Cathy Osten


Cathy Osten



January 19, 2023


Thursday, January 19, 2023


HARTFORD – Social service providers joined state Senator Cathy Osten (D-Sprague) today to advocate for continued, increased financial support in the biennial state budget that will be created, debated and voted on in the coming months.

“Last year at this time I was calling for a continued state budget investment in our nonprofits. They do so much for our state, not only from a services point of view but from a money-saving point of view in providing a variety of social services so that state government doesn’t have to expand in order to do so. And last year at this time I said I was looking for a multi-year state investment of 4 to 6 percent spending increases for our nonprofits to help them hire, expand, and deal with inflation,” said Sen. Osten, who is Senate chair of the budget-writing Appropriations Committee.

“So here I am, back again this year, making the same argument that I have been making for years: Connecticut’s nonprofits have been severely underfunded for decades, we rely on them more and more every year, and once again the legislature has to put its money where its mouth is if we are serious about providing the type and level of services that we say we want for people in need in this state. It’s that simple,” Sen. Osten said.

To help support Connecticut’s social service providers, Sen. Osten has co-sponsored four specific bills this session:

• House Bill 5384 is a placeholder bill appropriating an as-yet undetermined sum in the state budget for the purpose of providing financial support for nonprofit community providers that face increased demand for services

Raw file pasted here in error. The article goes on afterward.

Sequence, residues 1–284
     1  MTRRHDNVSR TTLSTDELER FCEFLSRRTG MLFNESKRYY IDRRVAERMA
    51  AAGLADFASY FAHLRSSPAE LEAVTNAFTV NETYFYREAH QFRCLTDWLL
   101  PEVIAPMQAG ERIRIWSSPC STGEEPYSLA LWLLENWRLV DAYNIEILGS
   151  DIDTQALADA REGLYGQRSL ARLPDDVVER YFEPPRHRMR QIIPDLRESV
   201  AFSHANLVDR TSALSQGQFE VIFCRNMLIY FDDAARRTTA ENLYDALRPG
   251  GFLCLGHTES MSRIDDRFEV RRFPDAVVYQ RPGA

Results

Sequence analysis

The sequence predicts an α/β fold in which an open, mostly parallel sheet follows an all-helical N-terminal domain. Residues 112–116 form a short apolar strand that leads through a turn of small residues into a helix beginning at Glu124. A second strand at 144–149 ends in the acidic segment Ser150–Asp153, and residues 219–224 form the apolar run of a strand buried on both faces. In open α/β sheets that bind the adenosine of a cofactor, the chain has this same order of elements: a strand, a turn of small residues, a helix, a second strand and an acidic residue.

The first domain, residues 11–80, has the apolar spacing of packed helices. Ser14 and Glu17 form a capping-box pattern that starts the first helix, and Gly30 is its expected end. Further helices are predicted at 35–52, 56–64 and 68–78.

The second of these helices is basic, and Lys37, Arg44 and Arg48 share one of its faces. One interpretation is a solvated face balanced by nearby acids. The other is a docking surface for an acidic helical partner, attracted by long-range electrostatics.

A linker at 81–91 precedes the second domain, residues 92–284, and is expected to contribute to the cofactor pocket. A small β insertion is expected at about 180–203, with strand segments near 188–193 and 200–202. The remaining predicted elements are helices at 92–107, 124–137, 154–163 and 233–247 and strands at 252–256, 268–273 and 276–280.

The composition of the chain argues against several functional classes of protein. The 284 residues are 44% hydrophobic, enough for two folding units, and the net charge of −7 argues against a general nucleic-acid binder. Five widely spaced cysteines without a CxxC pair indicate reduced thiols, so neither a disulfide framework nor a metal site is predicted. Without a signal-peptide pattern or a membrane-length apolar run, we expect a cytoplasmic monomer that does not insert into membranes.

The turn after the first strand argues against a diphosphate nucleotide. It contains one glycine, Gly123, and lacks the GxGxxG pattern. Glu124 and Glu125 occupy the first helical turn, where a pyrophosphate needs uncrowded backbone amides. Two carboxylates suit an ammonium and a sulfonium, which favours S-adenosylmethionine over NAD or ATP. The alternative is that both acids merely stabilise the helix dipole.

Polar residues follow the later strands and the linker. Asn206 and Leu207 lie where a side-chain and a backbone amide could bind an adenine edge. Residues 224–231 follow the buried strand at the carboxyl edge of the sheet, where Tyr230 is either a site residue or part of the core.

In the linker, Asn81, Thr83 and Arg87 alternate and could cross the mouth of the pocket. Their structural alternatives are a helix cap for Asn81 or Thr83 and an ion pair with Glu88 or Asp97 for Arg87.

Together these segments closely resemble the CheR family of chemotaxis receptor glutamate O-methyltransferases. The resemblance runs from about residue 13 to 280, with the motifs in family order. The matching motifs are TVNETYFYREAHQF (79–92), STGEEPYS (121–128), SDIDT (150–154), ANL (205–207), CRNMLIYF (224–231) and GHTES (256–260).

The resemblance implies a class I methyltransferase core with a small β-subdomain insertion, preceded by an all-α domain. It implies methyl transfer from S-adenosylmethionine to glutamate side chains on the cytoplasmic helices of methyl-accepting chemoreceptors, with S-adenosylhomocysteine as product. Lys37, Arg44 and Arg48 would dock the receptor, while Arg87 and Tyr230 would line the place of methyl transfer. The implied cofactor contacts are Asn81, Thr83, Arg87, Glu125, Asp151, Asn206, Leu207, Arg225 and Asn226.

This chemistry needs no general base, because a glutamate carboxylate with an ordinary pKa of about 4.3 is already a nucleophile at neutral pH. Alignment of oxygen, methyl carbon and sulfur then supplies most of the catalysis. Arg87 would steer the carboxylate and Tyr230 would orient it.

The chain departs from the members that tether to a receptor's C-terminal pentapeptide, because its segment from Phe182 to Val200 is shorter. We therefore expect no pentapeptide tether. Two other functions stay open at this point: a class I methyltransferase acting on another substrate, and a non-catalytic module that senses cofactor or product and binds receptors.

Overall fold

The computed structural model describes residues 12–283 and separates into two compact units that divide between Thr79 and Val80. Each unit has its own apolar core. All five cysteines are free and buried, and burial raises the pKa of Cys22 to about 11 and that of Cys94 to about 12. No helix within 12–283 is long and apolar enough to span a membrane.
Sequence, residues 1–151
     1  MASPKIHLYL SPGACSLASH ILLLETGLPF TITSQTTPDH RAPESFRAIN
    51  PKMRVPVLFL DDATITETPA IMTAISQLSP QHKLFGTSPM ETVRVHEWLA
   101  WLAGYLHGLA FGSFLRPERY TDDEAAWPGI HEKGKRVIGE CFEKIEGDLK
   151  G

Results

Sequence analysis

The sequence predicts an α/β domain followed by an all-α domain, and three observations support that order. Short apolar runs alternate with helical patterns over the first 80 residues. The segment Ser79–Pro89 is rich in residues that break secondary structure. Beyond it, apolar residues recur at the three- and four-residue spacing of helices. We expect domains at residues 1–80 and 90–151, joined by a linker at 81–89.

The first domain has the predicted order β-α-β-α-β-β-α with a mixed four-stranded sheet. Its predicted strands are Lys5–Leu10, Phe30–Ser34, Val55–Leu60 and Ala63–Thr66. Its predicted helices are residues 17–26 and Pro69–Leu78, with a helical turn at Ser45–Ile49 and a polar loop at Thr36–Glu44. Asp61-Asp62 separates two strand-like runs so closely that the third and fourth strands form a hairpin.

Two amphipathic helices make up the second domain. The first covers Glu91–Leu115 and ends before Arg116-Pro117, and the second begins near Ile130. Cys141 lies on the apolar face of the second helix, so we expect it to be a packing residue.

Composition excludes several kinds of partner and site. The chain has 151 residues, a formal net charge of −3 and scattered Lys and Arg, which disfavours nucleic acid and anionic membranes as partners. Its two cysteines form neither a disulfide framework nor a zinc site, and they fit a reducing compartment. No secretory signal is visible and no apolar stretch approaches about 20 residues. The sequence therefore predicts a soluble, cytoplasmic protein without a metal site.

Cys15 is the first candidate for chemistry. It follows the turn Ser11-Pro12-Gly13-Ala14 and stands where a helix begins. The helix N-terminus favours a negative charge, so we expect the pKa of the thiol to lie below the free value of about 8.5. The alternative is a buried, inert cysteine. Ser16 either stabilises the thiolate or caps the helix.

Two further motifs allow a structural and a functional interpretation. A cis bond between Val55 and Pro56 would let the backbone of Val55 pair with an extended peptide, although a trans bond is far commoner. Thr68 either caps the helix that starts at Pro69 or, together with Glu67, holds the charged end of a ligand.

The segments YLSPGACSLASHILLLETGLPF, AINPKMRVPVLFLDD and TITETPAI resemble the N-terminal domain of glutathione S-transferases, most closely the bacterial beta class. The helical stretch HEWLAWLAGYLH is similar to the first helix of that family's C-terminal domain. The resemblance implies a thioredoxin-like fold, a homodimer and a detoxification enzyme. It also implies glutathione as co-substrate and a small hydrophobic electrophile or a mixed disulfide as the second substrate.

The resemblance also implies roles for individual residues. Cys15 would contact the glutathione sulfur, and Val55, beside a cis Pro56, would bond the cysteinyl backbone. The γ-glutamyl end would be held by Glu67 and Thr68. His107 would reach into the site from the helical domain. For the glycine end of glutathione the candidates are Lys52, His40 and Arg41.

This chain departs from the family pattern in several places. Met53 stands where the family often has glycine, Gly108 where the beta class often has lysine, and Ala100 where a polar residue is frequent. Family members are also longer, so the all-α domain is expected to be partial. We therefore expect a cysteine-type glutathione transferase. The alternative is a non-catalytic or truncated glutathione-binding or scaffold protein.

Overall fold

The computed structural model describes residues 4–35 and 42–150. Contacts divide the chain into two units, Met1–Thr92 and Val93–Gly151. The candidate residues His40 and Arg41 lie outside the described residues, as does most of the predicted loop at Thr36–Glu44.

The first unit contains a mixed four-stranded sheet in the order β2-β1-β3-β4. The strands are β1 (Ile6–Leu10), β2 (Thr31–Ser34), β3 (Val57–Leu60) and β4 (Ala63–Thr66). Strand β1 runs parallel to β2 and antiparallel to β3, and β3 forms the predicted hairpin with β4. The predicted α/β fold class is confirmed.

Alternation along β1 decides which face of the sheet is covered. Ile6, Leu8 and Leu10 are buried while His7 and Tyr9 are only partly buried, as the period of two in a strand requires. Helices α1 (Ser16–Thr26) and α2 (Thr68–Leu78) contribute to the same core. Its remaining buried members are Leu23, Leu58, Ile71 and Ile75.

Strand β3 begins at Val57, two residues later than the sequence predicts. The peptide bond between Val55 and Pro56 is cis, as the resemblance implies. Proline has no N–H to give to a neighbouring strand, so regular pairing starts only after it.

• House Bill 5415 authorizes state bonds to provide funding to nonprofit health and human services providers for capital and infrastructure projects

• House Bill 5445 eliminates administrative burdens for nonprofit health and human services providers to ensure the timely payment for such services

• House Bill 5446 ensures that state funding for nonprofit providers of health and human services covers their costs, adjusted for inflation, and provides access by state residents to such services

Gian Carl Casa, President & CEO of the CT Community Nonprofit Alliance, said Connecticut must continue over the next two years to make the budget investments in nonprofits that it has made in recent years.

“Connecticut’s nonprofits — which contract with the state to deliver a wide range of human services including day and residential services for people with developmental disabilities, substance abuse and mental health treatment, transitional and support programs for youths and adults involved with the criminal justice system, homeless and domestic violence shelters — have struggled with underfunding for more than a decade, exacerbated by the pandemic and the resulting workforce crisis,” Casa said. “The state’s increased support in 2022 was welcome, and we urge the General Assembly and the governor to continue the progress with funding increases in 2023 and into the future. The state has the revenue. Any other choice would directly impact some of our state’s most vulnerable residents in a time of budget plenty.”

In the forthcoming biennial budget, The Alliance is seeking increased funding for community nonprofit services by 9% in Fiscal Year 2024 and seven percent 7% in Fiscal Year 2025 to make up for the inflation of the last two years. This represents an increase of approximately $261 million in FY24, and $221 million in FY25.